First direct dates of dingo bones from a site in Western Australia. Dingoes are one of the few mammals that crossed water (most likely accompanying humans) before European arrival. The dates and location of the site suggest that dingoes spread throughout the continent relatively quickly after their introduction.
New dates on dingo bones from Madura Cave provide oldest firm evidence for arrival of the species in Australia
Balme et al.
The dingo is the only placental land mammal aside from murids and bats to have made the water crossings to reach Australia prior to European arrival. It is thought that they arrived as a commensal animal with people, some time in the mid Holocene. However, the timing of their arrival is still a subject of major debate with published age estimates varying widely. This is largely because the age estimates for dingo arrival are based on archaeological deposit dates and genetic divergence estimates, rather than on the dingo bones themselves. Currently, estimates vary from between 5000–4000 years ago, for finds from archaeological contexts, and as much as 18,000 based on DNA age estimates. The timing of dingo arrival is important as post arrival they transformed Indigenous societies across mainland Australia and have been implicated in the extinction of a number of animals including the Tasmanian tiger. Here we present the results of direct dating of dingo bones from their oldest known archaeological context, Madura Cave on the Nullarbor Plain. These dates demonstrate that dingoes were in southern Australia by between 3348 and 3081 years ago. We suggest that following their introduction the dingo may have spread extremely rapidly throughout mainland Australia.
Source: New dates on dingo bones from Madura Cave provide oldest firm evidence for arrival of the species in Australia | Nature Scientific Reports
via Mongo Bay, 09 June 2018: The archaeology of Makassar and the prehistoric Toalian culture. Article is in Bahasa.
Maros point, begitu nama mata panah ini. Usia diperkirakan antara 7.000 hingga 3.500 tahun. Benda ini ditemukan di banyak tempat di kawasan karts Maros, termasuk di Leang Jarie. Bulan…
Source: Misteri Mata Panah dan Kerangka Manusia di Maros
New paper in PLOS One describing mandibles from the Niah Caves – these were excavated by the Harrissons in 1957.
Rare Late Pleistocene-early Holocene human mandibles from the Niah Caves (Sarawak, Borneo)
Darren Curnoe, Ipoi Datan, Jian-xin Zhao, Charles Leh Moi Ung, Maxime Aubert, Mohammed S. Sauffi, Goh Hsiao Mei, Raynold Mendoza, Paul S. C. Taçon
The skeletal remains of Late Pleistocene-early Holocene humans are exceptionally rare in island Southeast Asia. As a result, the identity and physical adaptations of the early inhabitants of the region are poorly known. One archaeological locality that has historically been important for understanding the peopling of island Southeast Asia is the Niah Caves in the northeast of Borneo. Here we present the results of direct Uranium-series dating and the first published descriptions of three partial human mandibles from the West Mouth of the Niah Caves recovered during excavations by the Harrissons in 1957. One of them (mandible E/B1 100″) is somewhat younger than the ‘Deep Skull’ with a best dating estimate of c30-28 ka (at 2σ), while the other two mandibles (D/N5 42–48″ and E/W 33 24–36″) are dated to a minimum of c11.0–10.5 ka (at 2σ) and c10.0–9.0 ka (at 2σ). Jaw E/B1 100″ is unusually small and robust compared with other Late Pleistocene mandibles suggesting that it may have been ontogenetically altered through masticatory strain under a model of phenotypic plasticity. Possible dietary causes could include the consumption of tough or dried meats or palm plants, behaviours which have been documented previously in the archaeological record of the Niah Caves. Our work suggests a long history back to before the LGM of economic strategies involving the exploitation of raw plant foods or perhaps dried and stored meat resources. This offers new insights into the economic strategies of Late Pleistocene-early Holocene hunter-gatherers living in, or adjacent to, tropical rainforests.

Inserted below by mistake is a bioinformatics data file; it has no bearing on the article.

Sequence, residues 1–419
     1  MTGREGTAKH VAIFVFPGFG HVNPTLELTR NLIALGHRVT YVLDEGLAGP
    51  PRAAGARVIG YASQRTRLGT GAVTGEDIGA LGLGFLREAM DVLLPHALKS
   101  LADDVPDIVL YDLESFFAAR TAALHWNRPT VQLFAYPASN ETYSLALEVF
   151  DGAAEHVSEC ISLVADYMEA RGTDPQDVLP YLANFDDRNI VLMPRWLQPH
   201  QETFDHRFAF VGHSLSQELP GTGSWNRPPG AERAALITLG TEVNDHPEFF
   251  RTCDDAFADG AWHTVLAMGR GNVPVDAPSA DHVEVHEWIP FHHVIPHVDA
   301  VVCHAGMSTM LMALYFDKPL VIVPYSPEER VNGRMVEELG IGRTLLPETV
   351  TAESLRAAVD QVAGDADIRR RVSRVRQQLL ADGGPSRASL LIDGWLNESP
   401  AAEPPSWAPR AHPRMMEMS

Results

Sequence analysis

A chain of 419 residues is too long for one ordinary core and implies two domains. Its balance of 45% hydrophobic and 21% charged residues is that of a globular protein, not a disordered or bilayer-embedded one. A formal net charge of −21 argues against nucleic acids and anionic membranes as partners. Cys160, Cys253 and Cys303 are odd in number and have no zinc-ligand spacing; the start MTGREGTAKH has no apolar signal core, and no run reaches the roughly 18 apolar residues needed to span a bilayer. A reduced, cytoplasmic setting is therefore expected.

Source: Rare Late Pleistocene-early Holocene human mandibles from the Niah Caves (Sarawak, Borneo)
Very exciting news out of the Philippines today, a paper published in Nature describes the discovery of stone tools and a butchered rhino fossil in the Cagayan Valley that dates to between 777,000 – 631,000 years ago. This early date forces us to rethink hominin capabilities in crossing water during the Pleistocene.
Earliest known hominin activity in the Philippines by 709 thousand years ago
Ingicco et al.